April 9, 2005
Last night's 9-0 blowout inflicted upon the Nats by the Marlins was a jolting reality check, but they managed to eke out their second extra-inning victory this evening, winning 3-2. Jose Guillen hit the winning homer, and aging veteran Vinny Castilla got his first homer of the season as well. Occasional lopsided defeats are to be expected when teams are undergoing a big transition such as this, and I'm very encouraged that the Nationals are figuring out ways to win in close-scoring games.
Meanwhile, the Marlins' franchise owners are again lobbying hard to get the Florida legislature to chip in on a new stadium. It would be built next to the Orange Bowl, and the owner Jeffrey Loria has pledged $192 million, nearly half of the estimated cost. By today's standards, that's a lot, but Governor Jeb Bush remains reluctant. Otherwise, the Marlins will be "homeless" and may end up moving to Las Vegas, Portland, or even Monterrey. (It's probably too early to start thinking about Montreal, but who know?) See Washington Post.
RFK Stadium is now back into the soccer configuration, to the apparent satisfactory to the D.C. United soccer players. There are a few uneven spots in the temporary turf where the dirt infield is for baseball games, and that may even provide them with a bit of home field advantage. They are no longer using the seating sections that used be be moved into the third base / end zone gap when the grandstand was moved into left field for football games. A photo in today's Washington Post shows a big vacant gap in back of the home dugout, and the seating chart on the D.C. United Web site confirms this. Those end zone seats aren't really needed, anyway, since attendance at soccer games rarely exceeds 20,000, and the upper decks are hardly used at all. It's looking more and more likely that the Nationals' home will be called "National Guard Field at RFK Stadium."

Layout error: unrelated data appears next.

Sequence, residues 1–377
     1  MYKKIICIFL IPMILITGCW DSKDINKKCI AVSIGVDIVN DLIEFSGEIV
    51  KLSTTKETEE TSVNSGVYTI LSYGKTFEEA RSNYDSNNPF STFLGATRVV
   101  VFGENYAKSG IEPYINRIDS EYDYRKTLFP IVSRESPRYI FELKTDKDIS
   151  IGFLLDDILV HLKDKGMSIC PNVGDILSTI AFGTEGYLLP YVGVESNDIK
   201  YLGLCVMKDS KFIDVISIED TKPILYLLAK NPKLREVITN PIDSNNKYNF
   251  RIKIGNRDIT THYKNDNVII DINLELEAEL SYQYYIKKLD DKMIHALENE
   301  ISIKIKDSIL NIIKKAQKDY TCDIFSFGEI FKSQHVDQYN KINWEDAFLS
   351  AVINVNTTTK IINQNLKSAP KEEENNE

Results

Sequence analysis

The city government in Cleveland is finally starting to move ahead on plans to restore the site of historic League Park, setting aside [an initial] $100,000 up for the project, [whose estimated total cost is $18 million]. It is now being used as a neighborhood park, but was rather dilapidated when I visited it in 1998. See Cleveland Plain Dealer. (This happened while we were on vacation, and I just now found out.)